The Shell and The Bird
Curator: Burstein Dror
22 Jun — 10 August, 2013
This exhibition revolves mainly around winged creatures: birds, owls, angels. Hanna’s flying creatures are made in an almost forgotten technique (in contemporary Israeli art) – the woodcut. In our time, artists have moved away from stone and wood, but it appears that we are in need of these elements more than they are in need of us. For stone and wood are agents of the spirit of life, of deep time, of growth processes and movement. Wood is a living material that lives, that grows, that breathes and dies. Stone too allows us to hear the sound of time. Limestone is after all a remnant of marine life-forms such as Hanna’s ammonite, which disintegrated after death and became a mineral. Hanna’s limestone owl stands in place, but it also glides to the depths of time and to the depths of the sea.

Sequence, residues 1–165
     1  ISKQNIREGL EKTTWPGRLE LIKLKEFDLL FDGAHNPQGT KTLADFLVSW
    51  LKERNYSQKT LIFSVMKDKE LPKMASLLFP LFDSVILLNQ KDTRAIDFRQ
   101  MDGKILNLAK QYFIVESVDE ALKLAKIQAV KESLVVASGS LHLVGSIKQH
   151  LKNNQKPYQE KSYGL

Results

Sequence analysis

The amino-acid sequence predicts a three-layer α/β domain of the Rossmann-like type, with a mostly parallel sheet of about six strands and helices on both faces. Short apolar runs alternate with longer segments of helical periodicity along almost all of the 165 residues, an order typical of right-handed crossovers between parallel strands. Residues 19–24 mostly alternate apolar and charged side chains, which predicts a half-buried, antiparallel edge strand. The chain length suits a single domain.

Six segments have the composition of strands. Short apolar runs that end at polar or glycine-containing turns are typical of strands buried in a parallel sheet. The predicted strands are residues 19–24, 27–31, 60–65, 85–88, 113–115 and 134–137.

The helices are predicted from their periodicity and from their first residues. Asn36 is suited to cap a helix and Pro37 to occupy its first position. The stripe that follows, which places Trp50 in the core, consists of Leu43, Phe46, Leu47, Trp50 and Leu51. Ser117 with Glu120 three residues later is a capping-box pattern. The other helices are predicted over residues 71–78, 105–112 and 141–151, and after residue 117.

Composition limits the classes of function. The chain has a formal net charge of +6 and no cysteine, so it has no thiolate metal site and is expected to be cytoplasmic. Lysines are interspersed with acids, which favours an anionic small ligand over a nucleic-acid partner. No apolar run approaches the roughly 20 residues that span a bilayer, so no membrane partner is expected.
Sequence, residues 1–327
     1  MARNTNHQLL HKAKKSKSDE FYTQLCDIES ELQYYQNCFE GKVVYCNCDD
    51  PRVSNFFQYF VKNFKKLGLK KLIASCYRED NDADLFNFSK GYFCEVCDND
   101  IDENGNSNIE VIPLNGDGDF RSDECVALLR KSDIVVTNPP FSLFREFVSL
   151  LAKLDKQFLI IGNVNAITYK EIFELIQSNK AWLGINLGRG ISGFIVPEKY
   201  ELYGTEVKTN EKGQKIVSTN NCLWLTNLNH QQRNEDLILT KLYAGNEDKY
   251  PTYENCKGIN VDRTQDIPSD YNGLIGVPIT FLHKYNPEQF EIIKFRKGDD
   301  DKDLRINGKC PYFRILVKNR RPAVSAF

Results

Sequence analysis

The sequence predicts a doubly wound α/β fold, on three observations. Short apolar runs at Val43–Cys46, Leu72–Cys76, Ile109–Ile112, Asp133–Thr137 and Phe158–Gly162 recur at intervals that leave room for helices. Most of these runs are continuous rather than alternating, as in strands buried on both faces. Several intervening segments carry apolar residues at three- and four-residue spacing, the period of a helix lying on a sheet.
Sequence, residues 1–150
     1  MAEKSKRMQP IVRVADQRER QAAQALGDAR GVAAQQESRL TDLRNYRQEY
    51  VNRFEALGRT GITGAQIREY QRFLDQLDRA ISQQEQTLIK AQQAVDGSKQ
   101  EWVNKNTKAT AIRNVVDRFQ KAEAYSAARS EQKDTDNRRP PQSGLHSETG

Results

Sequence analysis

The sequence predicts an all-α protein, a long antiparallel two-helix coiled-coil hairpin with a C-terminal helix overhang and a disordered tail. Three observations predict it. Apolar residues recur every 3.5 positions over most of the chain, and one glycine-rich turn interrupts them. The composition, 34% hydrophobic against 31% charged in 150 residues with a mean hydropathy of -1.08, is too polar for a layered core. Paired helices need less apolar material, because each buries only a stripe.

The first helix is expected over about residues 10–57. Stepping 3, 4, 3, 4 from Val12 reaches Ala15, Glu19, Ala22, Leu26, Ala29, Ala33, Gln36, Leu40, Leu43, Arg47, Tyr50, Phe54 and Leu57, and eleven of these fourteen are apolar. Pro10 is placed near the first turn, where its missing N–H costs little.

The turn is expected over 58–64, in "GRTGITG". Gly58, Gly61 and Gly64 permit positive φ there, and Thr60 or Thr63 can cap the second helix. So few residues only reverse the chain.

Hanna Peiser Ben-David is among the few, and perhaps one of the last artists in Israel belonging to the local modernist tradition of woodcut printmaking, which started a hundred years ago. From this point of view, an exhibition of woodcuts is in itself a remnant – a sort of “living fossil” as the paleontologists put it – of a magnificent local modernist tradition.